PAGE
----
At Dakar Rally, American privateer Skyler Howes is leaving mark despite limited money

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As hard as racing in the Dakar Rally, the task of getting there is just as arduous for Skyler Howes.

But a shoestring budget hasn’t deterred the American from excelling in the renowned off-road raid.

Howes led the bikes division after Tuesday’s Stage 3 (of 12) despite being a privateer rider up against the big-budget factory teams.

“The main difference is the factory riders are getting paid to be here, and the privateer has to pay to be here,” Howes, 28, told NBC Sports’ Parker Kligerman in a Zoom interview (video above) from Saudi Arabia this week. “So honestly getting to the race is one of the hardest things as a privateer to be able to raise all the funds, and I had a lot of people step up to help me out and get me here.”

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Howes hails from St. George, Utah, where he offers off-road riding lessons and also raises funding through merchandise sales and donations (he stenciled the names of all his donors on his BAS Dakar KTM Racing bike)

“I understand the value of money and the amount people stepped up to give means a lot,” he said. “I don’t know I could ever repay everyone who stepped up to help me. All I can do is make everyone proud. Being in the overall lead for a day hopefully everyone back home is stoked.”

At the halfway mark of six stages, Howes ranks ninth overall entering Saturday’s rest day. He finished 20th in the fourth stage Wednesday after taking the lead, dropping four spots, and since has finished seventh Thursday and 19th Friday.

Unlike factory riders, who have managers to help with logistics, planning and tactics, Howes has “a lot more strategy to figure out ourselves,” particularly with a new rule limiting riders to six tires.

He has tried to conserve for the second week, sacrificing some performance by running three days on the same rear tire. “That’s just one of those things that privateers face handling things on our own,” Howes said.

Because riders start in the order of finish in the prior stage, finishing well often has been a disadvantage because the fresh courses have been difficult to traverse.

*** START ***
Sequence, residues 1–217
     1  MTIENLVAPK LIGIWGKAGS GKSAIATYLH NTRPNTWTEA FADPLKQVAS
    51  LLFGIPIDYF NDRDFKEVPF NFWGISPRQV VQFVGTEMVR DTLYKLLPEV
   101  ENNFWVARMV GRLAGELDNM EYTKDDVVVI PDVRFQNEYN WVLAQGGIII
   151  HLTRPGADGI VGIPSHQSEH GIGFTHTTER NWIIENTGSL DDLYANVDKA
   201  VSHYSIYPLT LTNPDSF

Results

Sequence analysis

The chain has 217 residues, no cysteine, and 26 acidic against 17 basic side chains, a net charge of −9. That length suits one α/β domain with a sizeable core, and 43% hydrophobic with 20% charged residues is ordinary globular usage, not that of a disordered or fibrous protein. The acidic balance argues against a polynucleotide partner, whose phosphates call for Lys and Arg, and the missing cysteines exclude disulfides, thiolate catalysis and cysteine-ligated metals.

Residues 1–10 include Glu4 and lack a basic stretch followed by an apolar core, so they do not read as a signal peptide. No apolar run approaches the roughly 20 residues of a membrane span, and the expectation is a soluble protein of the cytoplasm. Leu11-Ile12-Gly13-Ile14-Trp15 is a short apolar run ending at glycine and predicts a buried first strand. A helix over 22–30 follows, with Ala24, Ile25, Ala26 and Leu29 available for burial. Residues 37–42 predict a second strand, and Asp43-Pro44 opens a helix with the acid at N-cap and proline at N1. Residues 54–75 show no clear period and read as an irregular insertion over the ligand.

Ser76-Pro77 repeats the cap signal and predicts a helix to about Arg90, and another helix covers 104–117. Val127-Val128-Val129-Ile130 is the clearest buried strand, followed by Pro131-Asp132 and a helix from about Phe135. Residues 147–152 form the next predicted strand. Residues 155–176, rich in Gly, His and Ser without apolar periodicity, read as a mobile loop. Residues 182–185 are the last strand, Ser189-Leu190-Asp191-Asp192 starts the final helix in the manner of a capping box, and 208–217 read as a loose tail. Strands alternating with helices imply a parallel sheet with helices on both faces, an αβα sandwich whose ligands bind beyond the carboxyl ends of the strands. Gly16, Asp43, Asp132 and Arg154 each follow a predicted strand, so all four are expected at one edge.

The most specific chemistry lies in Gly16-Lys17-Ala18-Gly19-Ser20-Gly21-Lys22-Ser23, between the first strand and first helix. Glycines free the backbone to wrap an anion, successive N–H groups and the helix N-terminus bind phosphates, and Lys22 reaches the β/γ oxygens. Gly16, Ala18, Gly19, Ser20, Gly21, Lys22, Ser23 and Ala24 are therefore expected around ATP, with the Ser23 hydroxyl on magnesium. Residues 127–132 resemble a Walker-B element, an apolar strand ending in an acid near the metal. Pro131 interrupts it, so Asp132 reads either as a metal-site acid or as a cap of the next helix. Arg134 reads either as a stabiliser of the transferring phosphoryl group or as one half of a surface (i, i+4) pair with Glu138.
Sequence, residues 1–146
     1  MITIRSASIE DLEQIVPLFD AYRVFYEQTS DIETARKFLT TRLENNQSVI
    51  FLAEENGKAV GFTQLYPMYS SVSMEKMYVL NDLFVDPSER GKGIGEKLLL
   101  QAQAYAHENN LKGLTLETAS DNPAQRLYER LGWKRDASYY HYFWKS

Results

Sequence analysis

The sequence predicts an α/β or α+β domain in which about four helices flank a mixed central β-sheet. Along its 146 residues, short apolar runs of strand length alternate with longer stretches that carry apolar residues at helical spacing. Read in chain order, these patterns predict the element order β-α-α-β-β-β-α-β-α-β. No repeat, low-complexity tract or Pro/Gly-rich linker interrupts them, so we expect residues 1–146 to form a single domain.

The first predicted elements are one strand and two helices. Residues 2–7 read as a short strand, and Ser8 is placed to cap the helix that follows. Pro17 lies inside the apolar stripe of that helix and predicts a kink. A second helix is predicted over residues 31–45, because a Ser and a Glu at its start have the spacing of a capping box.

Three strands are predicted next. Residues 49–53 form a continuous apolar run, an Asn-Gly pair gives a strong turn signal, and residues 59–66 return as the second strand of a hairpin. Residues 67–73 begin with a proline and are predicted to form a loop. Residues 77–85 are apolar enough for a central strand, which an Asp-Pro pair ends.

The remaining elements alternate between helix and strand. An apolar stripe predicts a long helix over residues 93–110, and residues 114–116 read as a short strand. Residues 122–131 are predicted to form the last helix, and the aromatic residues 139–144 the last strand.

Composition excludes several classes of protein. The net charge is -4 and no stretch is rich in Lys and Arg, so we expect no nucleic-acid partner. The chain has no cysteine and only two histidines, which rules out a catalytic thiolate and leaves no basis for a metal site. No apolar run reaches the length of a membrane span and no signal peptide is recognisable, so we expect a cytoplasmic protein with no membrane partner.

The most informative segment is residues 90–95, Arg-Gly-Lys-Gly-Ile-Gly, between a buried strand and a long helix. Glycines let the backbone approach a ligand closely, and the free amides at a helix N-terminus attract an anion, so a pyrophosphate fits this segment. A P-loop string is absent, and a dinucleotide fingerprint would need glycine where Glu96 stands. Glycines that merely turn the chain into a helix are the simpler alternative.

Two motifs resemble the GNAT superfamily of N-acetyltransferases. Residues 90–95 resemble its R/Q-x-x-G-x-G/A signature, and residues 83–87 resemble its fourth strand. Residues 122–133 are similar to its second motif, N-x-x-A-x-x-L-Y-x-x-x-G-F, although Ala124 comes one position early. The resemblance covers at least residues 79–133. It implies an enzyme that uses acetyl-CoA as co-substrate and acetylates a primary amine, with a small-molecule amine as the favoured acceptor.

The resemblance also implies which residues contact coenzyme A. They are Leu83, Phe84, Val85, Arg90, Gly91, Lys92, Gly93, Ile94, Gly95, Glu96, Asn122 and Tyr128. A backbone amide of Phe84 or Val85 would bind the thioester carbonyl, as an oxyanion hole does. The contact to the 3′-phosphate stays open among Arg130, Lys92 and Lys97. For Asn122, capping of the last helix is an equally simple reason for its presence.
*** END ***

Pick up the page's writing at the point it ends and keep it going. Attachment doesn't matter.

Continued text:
“It’s a little different this year,” Howes said. “If you’re leading out, the navigation is quite difficult, so there’s this big yo-yo effect if you lead out, you get a poorer result then if you start behind, you get a good result. There’s this big fluctuation with results.”

Even with fewer resources, Howes still managed to finish ninth overall last year, which is as impressive for the state of his health as his finances.

Howes entered the 2020 Dakar Rally with only a week of training after breaking his neck three months earlier. His surgery for the injury included inserting a plate and six crews while fusing three broken vertebrae.

“Someone once told me you have to be a certain kind of stupid to ride a motorcycle fast, and maybe that has something to do with it,” he said. “You kind of shut that part of your brain off, the pain receptors.

“Dirt bike riders are some of the toughest dudes on the planet. Maybe it’s just we’re a certain kind of dumb. At the end of the day, there’s no other feeling like ripping a dirt bike through the desert. That’s why we do it. We live for it. Whenever the pain comes, we push through it because the glory and feeling afterward outweighs it.”

Those feelings have come early for Howes in the 2021 Dakar.

“I always hold myself to a high standard, but coming in after Stage 3 and putting a camera in my face and saying I’m the overall leader of the Dakar Rally, that’s pretty cool,” he said. “Not something, honestly, I really expected. Honestly, I’m just having a lot of fun out there.

“I hope to finish strong. Dakar, so much crazy stuff can happen. I don’t want to put pressure on myself to get a certain result. I just want to cross the finish line and hope everyone back home is proud.”